fetched during the current instruction
execution is discarded, and a NOP is
executed instead, making this a
two-cycle instruction.
Words:
1
Cycles:
1(2)
Before Instruction
FLAG_REG = 0xC7
10bb
Description:
FLAG_REG, 7
After Instruction
01
Example
HERE
FALSE
TRUE
BTFSC
GOTO
•
•
•
FLAG,1
PROCESS_CODE
Before Instruction
PC =
address HERE
After Instruction
if FLAG<1> = 0,
PC =
address TRUE
if FLAG<1>=1,
PC =
address FALSE
BSF
Bit Set f
Syntax:
[ label ] BSF
Operands:
0  f  127
0b7
Operation:
1  (f<b>)
Status Affected:
None
Encoding:
Description:
01
01bb
bfff
ffff
Bit 'b' in register 'f' is set.
Words:
1
Cycles:
1
Example
f,b
BSF
FLAG_REG,
7
Before Instruction
FLAG_REG = 0x0A
After Instruction
FLAG_REG = 0x8A
DS40182D-page 68
 1998-2013 Microchip Technology Inc.
PIC16CE62X
BTFSS
Bit Test f, Skip if Set
CLRF
Clear f
Syntax:
[ label ] BTFSS f,b
Syntax:
[ label ] CLRF
Operands:
0  f  127
0b<7
Operands:
0  f  127
Operation:
Operation:
skip if (f<b>) = 1
00h  (f)
1Z
Status Affected:
None
Status Affected:
Z
Encoding:
Description:
01
11bb
bfff
ffff
If bit 'b' in register 'f' is '1' then the next
instruction is skipped.
If bit 'b' is '1', then the next instruction
fetched during the current instruction
execution, is discarded and a NOP is
executed instead, making this a
two-cycle instruction.
Words:
1
Cycles:
1(2)
Example
Encoding:
00
f
0001
1fff
Description:
The contents of register 'f' are cleared
and the Z bit is set.
Words:
1
Cycles:
1
Example
CLRF
FLAG_REG
Before Instruction
FLAG_REG
HERE
FALSE
TRUE
ffff
=
0x5A
=
=
0x00
1
After Instruction
BTFSS
GOTO
•
•
•
FLAG_REG
Z
FLAG,1
PROCESS_CODE
Before Instruction
PC =
address HERE
After Instruction
if FLAG<1> = 0,
PC =
address FALSE
if FLAG<1> = 1,
PC =
address TRUE
CLRW
Clear W
CALL
Call Subroutine
Syntax:
[ label ] CLRW
Syntax:
[ label ] CALL k
Operands:
None
Operands:
0  k  2047
Operation:
Operation:
(PC)+ 1 TOS,
k  PC<10:0>,
(PCLATH<4:3>)  PC<12:11>
00h  (W)
1Z
Status Affected:
Z
None
Description:
W register is cleared. Zero bit (Z) is
set.
Words:
1
Cycles:
1
Status Affected:
Encoding:
Description:
10
kkkk
kkkk
Call Subroutine. First, return address
(PC+1) is pushed onto the stack. The
eleven bit immediate address is
loaded into PC bits <10:0>. The upper
bits of the PC are loaded from
PCLATH. CALL is a two-cycle instruction.
Words:
1
Cycles:
2
Example
0kkk
Encoding:
Example
00
0001
CALL
0011
CLRW
Before Instruction
W
=
0x5A
After Instruction
W
Z
HERE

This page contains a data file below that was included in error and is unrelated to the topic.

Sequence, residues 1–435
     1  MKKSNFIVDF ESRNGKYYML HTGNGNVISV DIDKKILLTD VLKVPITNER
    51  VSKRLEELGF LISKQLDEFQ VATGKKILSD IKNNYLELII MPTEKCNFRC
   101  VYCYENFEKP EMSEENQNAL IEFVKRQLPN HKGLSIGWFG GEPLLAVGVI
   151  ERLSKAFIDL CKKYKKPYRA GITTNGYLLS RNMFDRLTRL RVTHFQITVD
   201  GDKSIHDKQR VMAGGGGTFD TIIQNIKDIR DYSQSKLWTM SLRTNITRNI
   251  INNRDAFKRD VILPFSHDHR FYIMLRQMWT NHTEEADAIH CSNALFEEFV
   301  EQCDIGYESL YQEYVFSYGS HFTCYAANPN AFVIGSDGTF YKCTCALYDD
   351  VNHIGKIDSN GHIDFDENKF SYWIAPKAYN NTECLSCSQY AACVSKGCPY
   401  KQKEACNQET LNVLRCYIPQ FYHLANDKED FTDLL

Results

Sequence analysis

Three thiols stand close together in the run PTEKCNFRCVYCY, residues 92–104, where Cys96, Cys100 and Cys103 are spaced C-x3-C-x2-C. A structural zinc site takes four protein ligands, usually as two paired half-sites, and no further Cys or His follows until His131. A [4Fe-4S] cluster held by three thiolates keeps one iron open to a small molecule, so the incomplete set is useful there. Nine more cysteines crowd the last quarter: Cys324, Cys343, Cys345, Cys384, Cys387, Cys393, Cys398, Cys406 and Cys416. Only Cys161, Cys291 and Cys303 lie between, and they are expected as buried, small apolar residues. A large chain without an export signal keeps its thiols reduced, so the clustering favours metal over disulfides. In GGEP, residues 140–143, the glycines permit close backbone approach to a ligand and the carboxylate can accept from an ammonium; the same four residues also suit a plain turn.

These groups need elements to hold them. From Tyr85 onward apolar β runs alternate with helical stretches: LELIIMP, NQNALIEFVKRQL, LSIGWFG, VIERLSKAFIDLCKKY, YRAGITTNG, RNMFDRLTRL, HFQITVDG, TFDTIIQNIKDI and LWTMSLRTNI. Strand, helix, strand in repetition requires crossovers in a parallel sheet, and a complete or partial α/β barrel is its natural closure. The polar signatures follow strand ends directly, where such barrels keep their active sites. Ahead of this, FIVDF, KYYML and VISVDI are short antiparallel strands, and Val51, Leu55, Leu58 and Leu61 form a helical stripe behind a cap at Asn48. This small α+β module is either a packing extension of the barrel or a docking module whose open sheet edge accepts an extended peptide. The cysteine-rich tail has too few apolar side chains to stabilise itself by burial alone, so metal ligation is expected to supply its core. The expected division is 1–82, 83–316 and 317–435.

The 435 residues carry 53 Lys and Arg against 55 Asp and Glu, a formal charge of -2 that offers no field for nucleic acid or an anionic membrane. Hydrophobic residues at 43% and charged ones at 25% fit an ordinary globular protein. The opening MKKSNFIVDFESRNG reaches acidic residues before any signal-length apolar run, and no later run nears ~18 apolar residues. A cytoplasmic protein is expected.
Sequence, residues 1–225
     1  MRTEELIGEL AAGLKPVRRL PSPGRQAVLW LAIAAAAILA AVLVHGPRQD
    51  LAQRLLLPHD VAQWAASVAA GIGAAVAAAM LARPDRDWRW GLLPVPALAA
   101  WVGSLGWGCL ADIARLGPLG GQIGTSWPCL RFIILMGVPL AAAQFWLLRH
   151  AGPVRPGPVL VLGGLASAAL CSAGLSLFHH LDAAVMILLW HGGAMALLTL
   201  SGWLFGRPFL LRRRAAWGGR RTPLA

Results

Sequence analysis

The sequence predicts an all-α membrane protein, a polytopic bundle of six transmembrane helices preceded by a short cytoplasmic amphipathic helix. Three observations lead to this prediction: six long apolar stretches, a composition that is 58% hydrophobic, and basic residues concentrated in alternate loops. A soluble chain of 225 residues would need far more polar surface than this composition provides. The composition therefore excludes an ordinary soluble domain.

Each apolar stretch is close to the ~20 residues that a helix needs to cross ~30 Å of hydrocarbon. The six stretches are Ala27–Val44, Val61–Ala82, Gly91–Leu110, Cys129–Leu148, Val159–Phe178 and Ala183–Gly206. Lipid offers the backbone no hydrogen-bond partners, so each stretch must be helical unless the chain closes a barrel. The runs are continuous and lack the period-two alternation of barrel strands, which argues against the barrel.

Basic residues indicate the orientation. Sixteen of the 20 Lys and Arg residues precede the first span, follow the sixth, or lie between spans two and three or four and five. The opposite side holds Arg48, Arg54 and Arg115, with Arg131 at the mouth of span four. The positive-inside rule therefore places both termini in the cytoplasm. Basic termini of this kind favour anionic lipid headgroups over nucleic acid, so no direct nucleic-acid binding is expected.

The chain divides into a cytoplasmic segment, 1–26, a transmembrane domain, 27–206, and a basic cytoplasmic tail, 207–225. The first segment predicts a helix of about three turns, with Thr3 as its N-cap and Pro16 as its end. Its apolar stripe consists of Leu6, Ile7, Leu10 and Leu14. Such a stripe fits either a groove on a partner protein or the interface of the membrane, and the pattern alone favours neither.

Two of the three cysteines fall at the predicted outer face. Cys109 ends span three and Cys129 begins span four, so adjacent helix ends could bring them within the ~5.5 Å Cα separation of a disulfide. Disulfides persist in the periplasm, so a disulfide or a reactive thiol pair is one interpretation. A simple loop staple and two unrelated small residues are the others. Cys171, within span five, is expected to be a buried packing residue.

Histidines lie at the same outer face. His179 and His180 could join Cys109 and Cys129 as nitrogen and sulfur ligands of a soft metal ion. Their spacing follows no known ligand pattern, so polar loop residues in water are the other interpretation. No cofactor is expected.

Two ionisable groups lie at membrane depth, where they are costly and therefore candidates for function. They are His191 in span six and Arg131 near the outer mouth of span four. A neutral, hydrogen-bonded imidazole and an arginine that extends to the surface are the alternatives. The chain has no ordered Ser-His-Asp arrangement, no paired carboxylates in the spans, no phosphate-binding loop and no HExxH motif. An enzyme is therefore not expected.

0000
=
=
0x00
1
THERE
Before Instruction
PC = Address HERE
After Instruction
PC = Address THERE
TOS = Address HERE+1
 1998-2013 Microchip Technology Inc.
DS40182D-page 69
PIC16CE62X
CLRWDT
Clear Watchdog Timer
DECF
Decrement f
Syntax:
[ label ] CLRWDT
Syntax:
[ label ] DECF f,d
Operands:
None
Operands:
Operation:
00h  WDT
0  WDT prescaler,
1  TO
1  PD
0  f  127
d  [0,1]
Operation:
(f) - 1  (dest)
Status Affected:
Z
Status Affected:
Encoding:
Description:
Encoding:
TO, PD
00
0000
0110
0100
CLRWDT instruction resets the
Watchdog Timer. It also resets the
prescaler of the WDT. Status bits TO
and PD are set.
Words:
1
Cycles:
1
Example
00
0011
Decrement register 'f'. If 'd' is 0, the
result is stored in the W register. If 'd'
is 1, the result is stored back in register 'f'.
Words:
1
Cycles:
1
Example
DECF
CNT, 1
Before Instruction
CNT
Z
Before Instruction
WDT counter =
WDT counter =
WDT prescaler=
TO
=
PD
=
CNT
Z
0x00
0
1
1
COMF
Complement f
Syntax:
[ label ] COMF
Operands:
0  f  127
d  [0,1]
Operation:
(f)  (dest)
Operation:
(f) - 1  (dest);
Status Affected:
Z
Status Affected:
None
1001
f,d
dfff
ffff
Description:
The contents of register 'f' are
complemented. If 'd' is 0, the result is
stored in W. If 'd' is 1, the result is
stored back in register 'f'.
Words:
1
Cycles:
1
Example
COMF
REG1
=
0x13
After Instruction
REG1
W
=
=
0x13
0xEC
0x01
0
=
=
0x00
1
DECFSZ
Decrement f, Skip if 0
Syntax:
[ label ] DECFSZ f,d
Operands:
0  f  127
d  [0,1]
Encoding:
00
1011
skip if result = 0
dfff
ffff
Description:
The contents of register 'f' are
decremented. If 'd' is 0, the result is
placed in the W register. If 'd' is 1, the
result is placed back in register 'f'.
If the result is 0, the next instruction,
which is already fetched, is discarded.
A NOP is executed instead making it a
two-cycle instruction.
Words:
1
Cycles:
1(2)
REG1,0
Before Instruction
=
=
After Instruction
?
After Instruction
00
ffff
Description:
CLRWDT
Encoding:
dfff
Example
HERE
DECFSZ
GOTO
CONTINUE •
•
•
CNT, 1
LOOP
Before Instruction
PC
=
address HERE
After Instruction
CNT
if CNT
PC
if CNT
PC
DS40182D-page 70
=
=
=

=
CNT - 1
0,
address CONTINUE
0,
address HERE+1
 1998-2013 Microchip Technology Inc.